Saudi Arabian Ad Campaign Against Domestic Violence…The Use of Imagery

As I was perusing the Al Jazeera English  website researching for my PowerPoint presentation,  I came across this picture; an Arab women in a hjiab with a black eye. This image really struct me and because it signifies that women “hide behind a veil” when it comes to domestic violence. It also provides a type pf universal language and meaning.  The new campaign ad lunched by Saudi Arabia is to address a serious violent act not recognized as a crime under Saudi law.  Of course women’s rights in Saudi Arabia are not the same as the United States or even the UAE for that matter.  The oppression of women in Saudi Arabia is not a new phenomenon, so why are contributing efforts to domestic violence now?

The “No More Abuse” campaign is sponsored by the King Khalid Foundation, a non-profit organization whose main goal is to advance women’s social rights in Saudi Arabia. The campaign provides resources for citizens to report domestic abuse and  it’s outreaching goal to obtain  legal protection in the country.   Although moving in the right direction, Saudi Arabia has a great deal of catching up to do in terms of establishing equality of gender.

The Humans Right’s Watch notes, “The Saudi guardianship system continues to treat women as minors. Under this discriminatory system, girls and women of all ages are forbidden from traveling, studying, or working without permission from their male guardians.”Women in Saudi Arabia are required to have a “male guardian.” This is not an official legal requirement but is a social norm. The guardian is seen as the father type that may have full range of controlling every aspect of her life, including basic decisions such as choosing a path to higher education.  Women are so controlled by there male guardians that they are not even allowed to drive a car. Recently however, women are now able to ride a bicycles…but they can’t do it unaccompanied, they  must be completely covered and can’t use a bicycle for transportation purposes. Not even for transportation services!!?? I’m sorry what are bikes used for, an accessory in Saudi Arabia?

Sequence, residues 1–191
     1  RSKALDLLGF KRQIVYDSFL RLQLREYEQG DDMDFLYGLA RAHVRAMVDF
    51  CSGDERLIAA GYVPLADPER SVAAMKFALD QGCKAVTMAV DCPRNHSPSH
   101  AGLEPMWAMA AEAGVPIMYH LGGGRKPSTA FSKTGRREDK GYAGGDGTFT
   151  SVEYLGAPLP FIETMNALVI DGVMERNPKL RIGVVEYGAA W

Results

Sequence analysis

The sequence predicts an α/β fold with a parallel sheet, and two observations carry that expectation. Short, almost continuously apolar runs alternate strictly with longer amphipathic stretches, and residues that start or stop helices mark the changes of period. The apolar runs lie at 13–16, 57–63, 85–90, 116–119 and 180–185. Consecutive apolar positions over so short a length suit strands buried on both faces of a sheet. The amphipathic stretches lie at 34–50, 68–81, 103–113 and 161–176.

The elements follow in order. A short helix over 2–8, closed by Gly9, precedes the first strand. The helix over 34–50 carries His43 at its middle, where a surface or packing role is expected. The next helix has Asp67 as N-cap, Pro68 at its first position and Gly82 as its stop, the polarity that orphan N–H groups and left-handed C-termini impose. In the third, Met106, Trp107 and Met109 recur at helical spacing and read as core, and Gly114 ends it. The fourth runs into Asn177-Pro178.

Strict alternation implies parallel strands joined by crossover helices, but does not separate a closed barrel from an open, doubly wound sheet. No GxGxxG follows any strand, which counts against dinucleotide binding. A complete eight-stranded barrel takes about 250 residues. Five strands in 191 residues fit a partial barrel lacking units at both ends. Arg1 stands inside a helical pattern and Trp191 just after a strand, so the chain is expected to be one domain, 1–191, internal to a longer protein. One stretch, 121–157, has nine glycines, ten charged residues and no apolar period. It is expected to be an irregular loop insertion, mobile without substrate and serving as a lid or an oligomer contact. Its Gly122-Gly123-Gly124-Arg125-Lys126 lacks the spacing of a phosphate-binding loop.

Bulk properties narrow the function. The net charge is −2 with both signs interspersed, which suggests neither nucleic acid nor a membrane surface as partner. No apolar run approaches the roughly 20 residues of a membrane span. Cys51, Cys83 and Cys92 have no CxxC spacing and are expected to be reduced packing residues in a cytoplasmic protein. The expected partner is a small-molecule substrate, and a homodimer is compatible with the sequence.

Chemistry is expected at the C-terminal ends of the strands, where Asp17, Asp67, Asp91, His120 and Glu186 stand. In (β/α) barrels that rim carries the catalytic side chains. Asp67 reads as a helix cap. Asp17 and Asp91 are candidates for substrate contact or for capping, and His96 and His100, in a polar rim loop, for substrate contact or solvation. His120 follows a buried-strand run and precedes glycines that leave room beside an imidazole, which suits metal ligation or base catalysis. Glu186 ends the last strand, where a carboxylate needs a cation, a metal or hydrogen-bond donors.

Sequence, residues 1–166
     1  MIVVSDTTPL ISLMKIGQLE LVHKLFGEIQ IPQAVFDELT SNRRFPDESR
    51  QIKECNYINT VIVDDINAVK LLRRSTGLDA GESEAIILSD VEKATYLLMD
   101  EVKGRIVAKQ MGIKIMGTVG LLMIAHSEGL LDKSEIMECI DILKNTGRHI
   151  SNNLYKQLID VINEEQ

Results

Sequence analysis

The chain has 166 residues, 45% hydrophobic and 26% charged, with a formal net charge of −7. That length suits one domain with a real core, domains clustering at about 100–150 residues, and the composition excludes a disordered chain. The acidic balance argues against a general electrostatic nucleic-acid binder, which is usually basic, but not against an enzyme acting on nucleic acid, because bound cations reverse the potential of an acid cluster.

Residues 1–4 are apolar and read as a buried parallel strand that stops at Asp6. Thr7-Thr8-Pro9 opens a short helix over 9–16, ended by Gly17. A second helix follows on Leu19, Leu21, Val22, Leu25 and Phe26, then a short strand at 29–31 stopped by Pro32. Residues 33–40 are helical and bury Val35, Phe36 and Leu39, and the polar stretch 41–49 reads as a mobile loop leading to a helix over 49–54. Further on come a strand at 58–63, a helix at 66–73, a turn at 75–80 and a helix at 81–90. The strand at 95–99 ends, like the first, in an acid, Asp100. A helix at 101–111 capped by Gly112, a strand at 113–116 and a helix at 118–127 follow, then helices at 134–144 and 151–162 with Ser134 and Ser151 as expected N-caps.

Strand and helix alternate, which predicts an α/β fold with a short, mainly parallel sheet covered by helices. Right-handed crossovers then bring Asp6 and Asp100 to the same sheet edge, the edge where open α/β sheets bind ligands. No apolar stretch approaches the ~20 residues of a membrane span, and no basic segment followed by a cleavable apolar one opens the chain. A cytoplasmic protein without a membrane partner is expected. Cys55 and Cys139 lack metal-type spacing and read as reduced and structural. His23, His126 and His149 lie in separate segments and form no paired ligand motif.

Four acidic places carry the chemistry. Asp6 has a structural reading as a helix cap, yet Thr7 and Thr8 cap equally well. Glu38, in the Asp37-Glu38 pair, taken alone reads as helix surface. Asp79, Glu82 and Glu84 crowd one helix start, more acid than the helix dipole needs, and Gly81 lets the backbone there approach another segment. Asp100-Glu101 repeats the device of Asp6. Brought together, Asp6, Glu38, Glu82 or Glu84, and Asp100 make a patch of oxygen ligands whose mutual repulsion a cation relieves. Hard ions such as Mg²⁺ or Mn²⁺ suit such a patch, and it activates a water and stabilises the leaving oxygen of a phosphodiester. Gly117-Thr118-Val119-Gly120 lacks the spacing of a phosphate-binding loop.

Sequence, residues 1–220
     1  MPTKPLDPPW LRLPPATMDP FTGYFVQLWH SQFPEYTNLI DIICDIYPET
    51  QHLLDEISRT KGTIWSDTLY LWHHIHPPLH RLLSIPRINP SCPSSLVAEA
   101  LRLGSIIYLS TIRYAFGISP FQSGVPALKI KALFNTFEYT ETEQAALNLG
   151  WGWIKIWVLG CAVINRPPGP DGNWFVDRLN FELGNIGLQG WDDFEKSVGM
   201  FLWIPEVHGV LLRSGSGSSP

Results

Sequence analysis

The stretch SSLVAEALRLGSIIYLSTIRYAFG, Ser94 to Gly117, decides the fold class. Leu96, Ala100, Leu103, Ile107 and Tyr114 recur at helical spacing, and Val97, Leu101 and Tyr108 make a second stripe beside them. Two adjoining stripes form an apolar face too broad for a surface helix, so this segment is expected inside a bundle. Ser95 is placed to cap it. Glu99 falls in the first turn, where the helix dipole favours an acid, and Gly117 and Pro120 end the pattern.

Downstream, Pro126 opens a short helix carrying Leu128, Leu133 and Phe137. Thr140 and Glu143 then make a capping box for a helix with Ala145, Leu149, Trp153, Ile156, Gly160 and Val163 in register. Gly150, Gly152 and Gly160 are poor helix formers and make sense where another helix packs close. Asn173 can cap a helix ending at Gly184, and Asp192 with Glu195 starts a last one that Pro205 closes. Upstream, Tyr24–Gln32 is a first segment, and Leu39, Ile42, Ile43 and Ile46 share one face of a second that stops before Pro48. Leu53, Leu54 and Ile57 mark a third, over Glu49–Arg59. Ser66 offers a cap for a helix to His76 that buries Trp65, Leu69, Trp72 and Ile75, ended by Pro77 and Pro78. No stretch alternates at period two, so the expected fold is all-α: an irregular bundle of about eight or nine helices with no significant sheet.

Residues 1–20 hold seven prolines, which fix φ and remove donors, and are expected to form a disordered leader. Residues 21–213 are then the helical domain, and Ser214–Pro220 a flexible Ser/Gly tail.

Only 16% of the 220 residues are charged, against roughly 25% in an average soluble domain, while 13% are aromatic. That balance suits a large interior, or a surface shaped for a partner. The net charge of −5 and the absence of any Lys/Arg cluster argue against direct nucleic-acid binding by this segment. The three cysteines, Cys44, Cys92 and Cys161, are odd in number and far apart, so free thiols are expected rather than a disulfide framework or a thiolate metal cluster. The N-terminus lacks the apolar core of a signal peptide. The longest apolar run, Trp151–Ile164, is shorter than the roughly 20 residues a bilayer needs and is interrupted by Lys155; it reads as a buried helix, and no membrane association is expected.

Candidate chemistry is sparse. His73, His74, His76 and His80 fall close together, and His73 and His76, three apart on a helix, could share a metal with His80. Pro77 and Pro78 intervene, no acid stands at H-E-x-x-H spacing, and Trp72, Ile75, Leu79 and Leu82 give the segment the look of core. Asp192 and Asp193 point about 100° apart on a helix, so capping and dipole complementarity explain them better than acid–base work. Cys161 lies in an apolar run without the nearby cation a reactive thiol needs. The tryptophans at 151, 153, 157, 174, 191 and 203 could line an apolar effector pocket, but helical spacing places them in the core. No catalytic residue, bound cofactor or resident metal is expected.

Anyways, the World Economic Forum ranks  Saudi Arabia extremely low,  131 out of 135 countries in terms of the Global Gender Gap.  So this campaign is headed into the right direction, but Saudi Arabia has a lot of catching-up to countries whose equality rights apply to both genders. Since this image is only a few days old, Twitter and other social mediums have been blowing up across the world. This picture reminds me of the “Afghan Girl” on the National Geographic Magazine in 1985:

File:Sharbat Gula on National Geographic cover.jpg

Although I don’t believe the Saudi Women photo will  not gain as much popularity, it is still a representation and expression of a certain situation. The campaign on domestic violence is moving in the right direction in causing discussion and discourse. The provocative  image will hopefully gain significant support for the right’s of Saudi women.

Al Jazeera Discussion:

http://stream.aljazeera.com/story/201304300104-0022715

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